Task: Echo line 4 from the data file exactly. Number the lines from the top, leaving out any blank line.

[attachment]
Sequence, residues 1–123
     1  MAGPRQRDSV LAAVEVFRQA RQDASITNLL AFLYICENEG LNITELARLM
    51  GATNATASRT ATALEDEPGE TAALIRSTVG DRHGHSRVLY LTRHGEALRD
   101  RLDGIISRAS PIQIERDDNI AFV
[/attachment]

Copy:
   101  RLDGIISRAS PIQIERDDNI AFV